Wow. I had a little bit of an Opera Night this summer evening, crickets and fireflies and everything, listening to for the first time Ravel's second opera. And during the entire thing, I was extremely excited, almost jumping for joy as I waded through the score and listened with a whole heart. It's scored for quite a large orchestra, with lots of percussion, and even celesta, harp, and piano, which is really neat to see all together. There's also a choir along with the individual singers.
The opera's story is very interesting, and I only found out about it till after listening through it once, so you can look it up on your own time. (The video I watched bits of had a large screen with some fancy computer programming for its own video screen for the background of the stage, which was pretty neat.) The opera began quite soft and stately, with an introduction of things, the oboe all in perfect fifths. It continued with a series of short and bouncy melodies in various sections, which was all well and good. But when Ravel wants to be large and grand and set in stone that he is my favorite composer ever (which he is), then he just has to go big, and he does that several times throughout the score to add emphasis. Ravel writes very tricky stuff for the singers, like at 44 [around 12:20] with a crazy fast run of sixteenth notes. I can't even begin to imagine how that would be to perform! I really love the harp arpeggio at 62 [16:50], coupled with the cellos and violins later on, and it really brings back a feeling of "Introduction et Allegro". (There's a section that is marked "in the manner of a waltz", and some parts sound very similar to his 1920 piece "La Valse".) A lot of music just flies by, and it's amazing how much he was able to write. There is still the quality of repetition in that, but it's still neat how he is able to just keep the piece moving and never letting it stop or become disjunct with the flow. By far, 100 [27:23] is my absolute favorite part of the piece. Similarly to his dawn in "Daphnis et Chloe", this section is Ravel's night, with the strings creating a hauntingly beautiful texture, like the grass or the crickets chirping, and the melancholy lark twitters in the flute and piccolo. This really made me start to feel very excited, that music has the potential for something like this to be heard in it. It's with this moment one really tells how much Ravel may have benefited moving away from Paris to the French countryside and surrounding himself with his garden and nature as he composed this piece (along with the others he was writing around this time, of course). The choir comes in later to represent various other animals in the garden as well. It's a really magical moment in the score, exactly as the dawn was in "Daphnis et Chloe", and for that moment everything stops, as if time is standing still, and every listener is spellbound. Then, the piece continues, bringing back hits of motifs from previous. The piano is used in a very unique way, in a way like a second harp. The winds have melodies most of the time in this piece, but the strings and brass do come in occasionally with it. It ends not with a bang, but with a whimper; the oboes and first violins have the same parallel fourths and fifths as the very beginning of the piece, and the strings quietly trail away as it concludes.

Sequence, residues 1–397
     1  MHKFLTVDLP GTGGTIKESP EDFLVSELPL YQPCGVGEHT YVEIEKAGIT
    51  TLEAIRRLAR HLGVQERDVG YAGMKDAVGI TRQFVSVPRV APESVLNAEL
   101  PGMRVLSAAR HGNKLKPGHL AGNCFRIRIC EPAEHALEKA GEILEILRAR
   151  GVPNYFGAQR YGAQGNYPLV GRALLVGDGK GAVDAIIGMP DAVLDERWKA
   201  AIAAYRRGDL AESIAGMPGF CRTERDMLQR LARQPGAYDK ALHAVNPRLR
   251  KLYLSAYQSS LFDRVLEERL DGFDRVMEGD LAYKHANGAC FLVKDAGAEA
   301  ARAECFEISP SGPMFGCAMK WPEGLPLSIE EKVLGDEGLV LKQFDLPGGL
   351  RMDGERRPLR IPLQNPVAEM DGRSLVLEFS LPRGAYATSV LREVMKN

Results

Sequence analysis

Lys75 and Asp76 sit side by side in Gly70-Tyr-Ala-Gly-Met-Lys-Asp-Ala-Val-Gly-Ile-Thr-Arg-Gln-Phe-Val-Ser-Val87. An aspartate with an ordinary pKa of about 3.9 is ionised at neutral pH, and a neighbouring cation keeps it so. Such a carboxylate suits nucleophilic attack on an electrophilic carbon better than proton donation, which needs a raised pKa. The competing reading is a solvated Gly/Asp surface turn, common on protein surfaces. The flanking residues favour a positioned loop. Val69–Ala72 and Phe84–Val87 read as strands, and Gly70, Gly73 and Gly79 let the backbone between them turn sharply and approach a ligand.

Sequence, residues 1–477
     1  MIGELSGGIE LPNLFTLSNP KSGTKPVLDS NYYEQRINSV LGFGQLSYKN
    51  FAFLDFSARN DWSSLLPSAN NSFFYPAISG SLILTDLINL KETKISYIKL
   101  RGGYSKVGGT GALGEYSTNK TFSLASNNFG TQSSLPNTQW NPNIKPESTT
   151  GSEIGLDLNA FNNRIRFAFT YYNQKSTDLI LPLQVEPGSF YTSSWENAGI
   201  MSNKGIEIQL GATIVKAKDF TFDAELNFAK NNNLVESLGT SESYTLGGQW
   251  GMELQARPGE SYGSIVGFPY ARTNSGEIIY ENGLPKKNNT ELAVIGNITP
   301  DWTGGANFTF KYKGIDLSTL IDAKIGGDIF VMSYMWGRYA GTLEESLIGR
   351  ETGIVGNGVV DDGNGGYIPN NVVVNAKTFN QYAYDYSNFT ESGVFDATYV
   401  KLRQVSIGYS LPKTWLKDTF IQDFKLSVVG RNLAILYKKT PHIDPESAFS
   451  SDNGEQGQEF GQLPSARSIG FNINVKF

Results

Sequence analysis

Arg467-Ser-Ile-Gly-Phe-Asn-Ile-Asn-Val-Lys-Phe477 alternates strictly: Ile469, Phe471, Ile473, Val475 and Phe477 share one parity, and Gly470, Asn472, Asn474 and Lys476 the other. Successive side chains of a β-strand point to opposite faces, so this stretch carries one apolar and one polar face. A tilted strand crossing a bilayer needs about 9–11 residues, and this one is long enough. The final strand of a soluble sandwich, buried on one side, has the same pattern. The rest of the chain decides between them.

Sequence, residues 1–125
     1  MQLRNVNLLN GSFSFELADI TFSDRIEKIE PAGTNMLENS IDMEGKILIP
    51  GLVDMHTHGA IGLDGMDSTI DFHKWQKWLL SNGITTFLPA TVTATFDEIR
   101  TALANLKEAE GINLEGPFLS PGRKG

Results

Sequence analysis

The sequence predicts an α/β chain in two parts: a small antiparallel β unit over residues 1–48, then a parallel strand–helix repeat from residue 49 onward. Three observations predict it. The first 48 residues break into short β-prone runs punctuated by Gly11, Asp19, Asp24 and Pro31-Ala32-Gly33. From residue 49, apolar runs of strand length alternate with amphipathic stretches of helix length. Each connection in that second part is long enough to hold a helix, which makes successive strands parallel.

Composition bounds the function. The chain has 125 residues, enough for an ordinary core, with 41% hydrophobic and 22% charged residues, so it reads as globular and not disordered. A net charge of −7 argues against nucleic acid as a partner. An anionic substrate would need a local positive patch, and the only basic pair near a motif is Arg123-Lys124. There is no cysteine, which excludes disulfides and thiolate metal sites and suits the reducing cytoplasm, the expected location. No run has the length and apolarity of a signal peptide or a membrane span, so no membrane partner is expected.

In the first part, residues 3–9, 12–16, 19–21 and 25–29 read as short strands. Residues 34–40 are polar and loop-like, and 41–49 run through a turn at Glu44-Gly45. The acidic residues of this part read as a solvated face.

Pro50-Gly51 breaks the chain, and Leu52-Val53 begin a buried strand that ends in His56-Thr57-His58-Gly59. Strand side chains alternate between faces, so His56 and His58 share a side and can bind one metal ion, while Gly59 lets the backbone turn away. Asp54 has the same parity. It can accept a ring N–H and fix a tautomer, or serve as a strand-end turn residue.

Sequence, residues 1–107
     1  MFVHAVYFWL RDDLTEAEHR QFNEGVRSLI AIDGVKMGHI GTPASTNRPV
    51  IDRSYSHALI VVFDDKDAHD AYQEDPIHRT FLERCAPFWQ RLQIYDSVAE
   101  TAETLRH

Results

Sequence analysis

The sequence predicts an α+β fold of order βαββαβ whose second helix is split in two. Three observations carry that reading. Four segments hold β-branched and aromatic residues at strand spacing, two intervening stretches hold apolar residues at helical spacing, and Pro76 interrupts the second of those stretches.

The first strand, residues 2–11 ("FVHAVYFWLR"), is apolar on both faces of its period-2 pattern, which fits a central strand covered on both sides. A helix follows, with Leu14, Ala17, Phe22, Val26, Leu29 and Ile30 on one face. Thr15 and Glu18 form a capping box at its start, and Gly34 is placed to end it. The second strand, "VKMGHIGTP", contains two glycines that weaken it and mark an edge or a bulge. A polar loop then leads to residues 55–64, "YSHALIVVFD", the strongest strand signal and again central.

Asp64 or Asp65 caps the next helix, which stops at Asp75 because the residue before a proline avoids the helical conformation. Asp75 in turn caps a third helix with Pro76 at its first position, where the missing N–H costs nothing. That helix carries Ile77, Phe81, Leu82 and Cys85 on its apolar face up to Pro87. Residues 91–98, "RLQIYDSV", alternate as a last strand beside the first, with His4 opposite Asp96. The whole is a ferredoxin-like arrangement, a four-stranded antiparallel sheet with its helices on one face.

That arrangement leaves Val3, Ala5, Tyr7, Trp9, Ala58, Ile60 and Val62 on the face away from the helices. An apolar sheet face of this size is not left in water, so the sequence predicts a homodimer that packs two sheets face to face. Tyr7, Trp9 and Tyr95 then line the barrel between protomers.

So all in all, I love how this piece is like a small house filled with allusions to other things he has done, and listening to it is like relaxing in different rooms of the house. I have spent all day today excited over Paris (also the cool thing with the Eiffel Tower in Tomorrowland helped with that) and exploring some of Ravel's piano pieces to try out on the piano, but this one took the cake as one of my absolute favorites of his. It's a truly magical experience, and those forty minutes went by very fast. I'm not too taken to opera in general, but I think listening to this one maybe convinced me to try listening to some others, like Puccini for example. So yeah! Give this a listen on your own opera night. I might print out some of the violin part to try out for me personally, as I remember two years ago playing an aria from something (the violin II part in the orchestra) for the Senior Concerto concert (I didn't post anything about it in April 2013, but I just remember being excited to be playing right next to two pianos), so I guess it'll be kind of like that with this. I dunno... :) I'm still hard at work learning Ravel's first violin sonata! :)